He was eventually arrested, found guilty of draft evasion charges, and stripped of his boxing titles. He successfully appealed the decision to the U.S. Supreme Court, which overturned his conviction in 1971, by which time he had not fought for nearly four years and thereby lost a period of peak performance as an athlete. Ali's actions as a conscientious objector to the war made him an icon for the larger counterculture generation.

Ali was one of the leading heavyweight boxers of the 20th century, and remains the only three-time lineal heavyweight champion. His records of beating 21 boxers for the world heavyweight title (shared with Joe Louis), as well as winning 14 unified title bouts (shared with former welterweight champion José Napoles), were unbeaten for 35 years. 

Ali is the only boxer to be named The Ring magazine Fighter of the Year six times. He was ranked the greatest heavyweight boxer of all time by Ring Magazine  and The Associated Press, and the second greatest pound-for-pound boxer by ESPN. 

He was also ranked as the greatest athlete of the 20th century by Sports Illustrated, the Sports Personality of the Century by the BBC, and the third greatest athlete of the 20th century by ESPN SportsCentury.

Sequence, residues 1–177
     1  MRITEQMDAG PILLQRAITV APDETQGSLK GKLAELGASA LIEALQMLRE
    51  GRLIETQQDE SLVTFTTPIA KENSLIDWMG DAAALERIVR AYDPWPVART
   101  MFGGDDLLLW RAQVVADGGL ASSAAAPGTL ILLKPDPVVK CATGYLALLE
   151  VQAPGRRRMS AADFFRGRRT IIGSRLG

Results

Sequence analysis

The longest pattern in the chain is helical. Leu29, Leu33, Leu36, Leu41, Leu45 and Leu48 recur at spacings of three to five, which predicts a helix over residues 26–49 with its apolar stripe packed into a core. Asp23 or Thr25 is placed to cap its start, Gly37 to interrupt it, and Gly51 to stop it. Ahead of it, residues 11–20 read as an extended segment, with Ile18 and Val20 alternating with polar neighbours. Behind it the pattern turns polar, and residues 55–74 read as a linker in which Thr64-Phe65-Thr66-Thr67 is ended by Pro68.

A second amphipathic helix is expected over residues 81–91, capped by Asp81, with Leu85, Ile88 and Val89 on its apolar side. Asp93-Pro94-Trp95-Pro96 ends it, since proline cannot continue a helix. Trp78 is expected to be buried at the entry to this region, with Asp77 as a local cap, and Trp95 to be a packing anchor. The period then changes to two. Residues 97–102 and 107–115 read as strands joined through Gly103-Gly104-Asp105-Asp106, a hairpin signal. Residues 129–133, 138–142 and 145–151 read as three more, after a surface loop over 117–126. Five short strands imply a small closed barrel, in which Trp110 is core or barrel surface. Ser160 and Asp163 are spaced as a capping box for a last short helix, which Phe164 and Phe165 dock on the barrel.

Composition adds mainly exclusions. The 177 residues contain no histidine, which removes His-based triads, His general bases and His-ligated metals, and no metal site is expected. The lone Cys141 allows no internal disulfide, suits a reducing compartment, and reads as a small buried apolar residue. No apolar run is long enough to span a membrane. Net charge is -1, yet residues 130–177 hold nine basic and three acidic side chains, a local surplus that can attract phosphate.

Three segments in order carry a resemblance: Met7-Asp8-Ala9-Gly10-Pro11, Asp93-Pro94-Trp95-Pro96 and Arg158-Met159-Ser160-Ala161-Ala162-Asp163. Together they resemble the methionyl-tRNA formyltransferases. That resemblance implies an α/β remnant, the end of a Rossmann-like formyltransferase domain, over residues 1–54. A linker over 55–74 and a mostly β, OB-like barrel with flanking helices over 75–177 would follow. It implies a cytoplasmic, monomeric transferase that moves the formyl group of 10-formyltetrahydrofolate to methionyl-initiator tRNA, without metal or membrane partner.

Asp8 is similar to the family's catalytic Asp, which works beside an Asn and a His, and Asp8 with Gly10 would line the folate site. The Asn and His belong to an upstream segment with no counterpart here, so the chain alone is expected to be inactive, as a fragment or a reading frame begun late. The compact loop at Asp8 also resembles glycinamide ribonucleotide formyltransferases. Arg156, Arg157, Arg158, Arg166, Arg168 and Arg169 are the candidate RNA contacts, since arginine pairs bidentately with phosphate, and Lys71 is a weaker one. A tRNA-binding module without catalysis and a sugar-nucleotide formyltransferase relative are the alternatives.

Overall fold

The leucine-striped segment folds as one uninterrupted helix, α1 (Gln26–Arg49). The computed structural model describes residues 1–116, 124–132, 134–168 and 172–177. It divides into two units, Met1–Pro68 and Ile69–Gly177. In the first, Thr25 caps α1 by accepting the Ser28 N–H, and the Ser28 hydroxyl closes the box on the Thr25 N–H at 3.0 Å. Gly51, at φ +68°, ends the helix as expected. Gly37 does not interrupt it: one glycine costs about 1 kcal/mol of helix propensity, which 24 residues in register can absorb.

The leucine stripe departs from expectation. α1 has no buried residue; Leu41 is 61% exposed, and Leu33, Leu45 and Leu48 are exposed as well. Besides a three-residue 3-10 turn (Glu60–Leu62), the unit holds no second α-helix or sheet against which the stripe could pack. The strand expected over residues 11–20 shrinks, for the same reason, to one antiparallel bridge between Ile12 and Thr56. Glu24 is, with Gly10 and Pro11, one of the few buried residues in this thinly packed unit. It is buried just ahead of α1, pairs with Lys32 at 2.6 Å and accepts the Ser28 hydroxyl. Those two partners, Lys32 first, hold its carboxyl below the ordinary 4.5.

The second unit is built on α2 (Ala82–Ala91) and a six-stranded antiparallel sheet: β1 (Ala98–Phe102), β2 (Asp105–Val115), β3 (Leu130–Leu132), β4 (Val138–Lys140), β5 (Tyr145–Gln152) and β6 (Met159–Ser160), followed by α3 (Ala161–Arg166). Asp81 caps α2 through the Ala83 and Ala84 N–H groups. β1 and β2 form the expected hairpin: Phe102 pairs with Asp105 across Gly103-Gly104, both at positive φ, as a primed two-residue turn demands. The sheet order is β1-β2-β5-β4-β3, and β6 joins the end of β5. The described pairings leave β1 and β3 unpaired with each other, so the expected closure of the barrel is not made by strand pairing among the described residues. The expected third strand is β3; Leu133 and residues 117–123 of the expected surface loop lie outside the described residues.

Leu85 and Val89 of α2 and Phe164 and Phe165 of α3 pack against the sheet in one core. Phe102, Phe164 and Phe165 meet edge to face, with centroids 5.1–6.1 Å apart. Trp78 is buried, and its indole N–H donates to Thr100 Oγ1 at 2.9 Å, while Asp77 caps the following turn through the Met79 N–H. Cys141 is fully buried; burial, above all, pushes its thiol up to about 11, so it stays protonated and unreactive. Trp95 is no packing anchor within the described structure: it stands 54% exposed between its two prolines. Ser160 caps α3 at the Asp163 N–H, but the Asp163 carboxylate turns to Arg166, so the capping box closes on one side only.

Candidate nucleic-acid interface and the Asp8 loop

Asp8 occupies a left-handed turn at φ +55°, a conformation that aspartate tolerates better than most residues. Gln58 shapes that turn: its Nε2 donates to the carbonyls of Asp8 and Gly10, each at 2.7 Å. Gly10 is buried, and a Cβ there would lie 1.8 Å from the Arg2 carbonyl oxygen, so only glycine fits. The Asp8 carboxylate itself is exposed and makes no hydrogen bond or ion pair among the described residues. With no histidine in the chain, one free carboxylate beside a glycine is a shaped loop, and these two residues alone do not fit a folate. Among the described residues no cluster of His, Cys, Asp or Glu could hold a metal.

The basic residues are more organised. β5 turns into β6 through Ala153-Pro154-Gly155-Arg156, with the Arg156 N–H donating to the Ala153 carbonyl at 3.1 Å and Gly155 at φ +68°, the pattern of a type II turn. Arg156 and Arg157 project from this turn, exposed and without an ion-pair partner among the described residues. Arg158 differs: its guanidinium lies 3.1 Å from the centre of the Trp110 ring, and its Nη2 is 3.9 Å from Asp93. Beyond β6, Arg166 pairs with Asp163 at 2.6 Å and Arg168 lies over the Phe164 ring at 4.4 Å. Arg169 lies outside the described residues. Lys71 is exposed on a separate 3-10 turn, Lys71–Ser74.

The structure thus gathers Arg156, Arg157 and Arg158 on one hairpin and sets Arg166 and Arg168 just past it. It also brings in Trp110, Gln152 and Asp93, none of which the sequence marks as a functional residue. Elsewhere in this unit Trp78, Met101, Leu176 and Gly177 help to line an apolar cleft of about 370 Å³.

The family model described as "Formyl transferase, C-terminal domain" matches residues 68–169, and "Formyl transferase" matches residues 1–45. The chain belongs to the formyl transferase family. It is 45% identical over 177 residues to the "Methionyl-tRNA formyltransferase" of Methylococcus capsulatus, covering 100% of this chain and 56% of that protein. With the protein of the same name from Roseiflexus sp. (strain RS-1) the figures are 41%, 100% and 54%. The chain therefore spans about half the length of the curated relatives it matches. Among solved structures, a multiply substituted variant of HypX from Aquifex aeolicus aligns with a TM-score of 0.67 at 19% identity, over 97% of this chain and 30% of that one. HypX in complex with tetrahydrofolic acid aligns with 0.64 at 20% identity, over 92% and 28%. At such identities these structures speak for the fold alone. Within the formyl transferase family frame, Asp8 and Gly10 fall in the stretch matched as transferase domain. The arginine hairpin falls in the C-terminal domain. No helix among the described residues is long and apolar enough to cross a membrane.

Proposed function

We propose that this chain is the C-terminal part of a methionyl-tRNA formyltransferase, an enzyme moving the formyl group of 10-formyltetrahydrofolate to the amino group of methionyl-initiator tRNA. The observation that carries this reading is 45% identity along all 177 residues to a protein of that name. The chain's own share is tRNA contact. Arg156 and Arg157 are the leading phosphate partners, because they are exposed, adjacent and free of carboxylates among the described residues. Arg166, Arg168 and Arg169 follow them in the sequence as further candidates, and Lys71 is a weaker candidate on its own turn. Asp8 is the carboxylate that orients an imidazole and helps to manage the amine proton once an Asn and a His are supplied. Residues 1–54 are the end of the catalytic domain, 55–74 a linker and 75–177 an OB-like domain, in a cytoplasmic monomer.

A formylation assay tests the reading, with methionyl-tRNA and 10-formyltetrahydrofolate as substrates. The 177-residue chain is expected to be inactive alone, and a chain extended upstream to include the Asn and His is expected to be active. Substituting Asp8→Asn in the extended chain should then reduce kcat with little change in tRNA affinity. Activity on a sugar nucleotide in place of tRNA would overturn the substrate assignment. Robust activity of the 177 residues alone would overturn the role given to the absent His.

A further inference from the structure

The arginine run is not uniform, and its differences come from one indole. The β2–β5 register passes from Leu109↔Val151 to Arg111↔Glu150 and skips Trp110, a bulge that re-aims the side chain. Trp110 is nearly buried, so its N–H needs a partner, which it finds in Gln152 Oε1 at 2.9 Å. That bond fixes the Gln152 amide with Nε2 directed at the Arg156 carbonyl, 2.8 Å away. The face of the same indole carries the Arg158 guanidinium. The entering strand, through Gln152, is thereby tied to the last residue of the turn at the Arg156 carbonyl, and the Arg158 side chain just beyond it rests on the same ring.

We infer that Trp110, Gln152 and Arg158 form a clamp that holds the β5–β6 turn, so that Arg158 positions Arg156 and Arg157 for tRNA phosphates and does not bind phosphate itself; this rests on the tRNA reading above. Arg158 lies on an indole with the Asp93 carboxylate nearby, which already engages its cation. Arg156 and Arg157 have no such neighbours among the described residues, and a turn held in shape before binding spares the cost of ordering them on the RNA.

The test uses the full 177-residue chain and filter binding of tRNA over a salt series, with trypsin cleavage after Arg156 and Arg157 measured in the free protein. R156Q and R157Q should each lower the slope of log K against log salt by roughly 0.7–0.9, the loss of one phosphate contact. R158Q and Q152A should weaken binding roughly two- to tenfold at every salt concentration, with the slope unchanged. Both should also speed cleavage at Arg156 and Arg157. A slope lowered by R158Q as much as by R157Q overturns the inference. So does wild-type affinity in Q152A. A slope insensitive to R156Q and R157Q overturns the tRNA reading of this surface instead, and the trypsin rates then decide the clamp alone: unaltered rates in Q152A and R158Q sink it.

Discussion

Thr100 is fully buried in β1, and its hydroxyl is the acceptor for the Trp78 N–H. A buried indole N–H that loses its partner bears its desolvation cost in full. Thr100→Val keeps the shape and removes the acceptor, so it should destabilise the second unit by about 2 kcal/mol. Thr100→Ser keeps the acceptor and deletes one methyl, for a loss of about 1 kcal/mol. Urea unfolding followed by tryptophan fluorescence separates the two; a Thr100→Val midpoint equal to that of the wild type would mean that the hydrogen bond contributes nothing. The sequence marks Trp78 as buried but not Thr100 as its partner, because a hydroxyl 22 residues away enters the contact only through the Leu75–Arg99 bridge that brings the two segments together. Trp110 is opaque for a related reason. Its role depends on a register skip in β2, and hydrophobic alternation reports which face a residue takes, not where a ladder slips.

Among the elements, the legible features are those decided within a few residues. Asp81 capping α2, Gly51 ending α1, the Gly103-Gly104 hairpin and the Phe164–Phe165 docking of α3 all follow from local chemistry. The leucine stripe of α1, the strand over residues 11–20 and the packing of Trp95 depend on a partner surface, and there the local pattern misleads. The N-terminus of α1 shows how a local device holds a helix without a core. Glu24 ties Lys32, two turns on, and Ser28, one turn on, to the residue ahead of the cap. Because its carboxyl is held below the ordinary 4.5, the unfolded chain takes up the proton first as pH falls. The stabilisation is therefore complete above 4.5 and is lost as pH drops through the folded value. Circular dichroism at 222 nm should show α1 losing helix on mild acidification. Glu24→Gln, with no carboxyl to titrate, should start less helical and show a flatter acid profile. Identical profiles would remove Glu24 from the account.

Nicknamed "the Greatest", he was involved in several historic boxing matches. Notable among these were the Liston fights; the "Fight of the Century", "Super Fight II" and the "Thrilla in Manila" against his rival Joe Frazier; and "The Rumble in the Jungle" against George Foreman. Ali drew record global television audiences, including 1 billion viewers for "The Rumble in the Jungle" (1974) and "Thrilla in Manila" (1975)  and 2 billion for Ali–Spinks II (1978) and "The Last Hurrah" (1980).

As a Muslim, Ali was initially affiliated with Elijah Muhammad's Nation of Islam (NOI) and advocated their black separatist ideology. He later disavowed the NOI, adhering to Sunni Islam, practicing Sufism, and supporting racial integration, like his former mentor Malcolm X.

In 1984 Ali was diagnosed with Parkinson's syndrome, which his doctors attributed to boxing-related brain injuries. As his condition worsened, Ali made limited public appearances and was cared for by his family until his death on June 3, 2016, in Scottsdale, Arizona.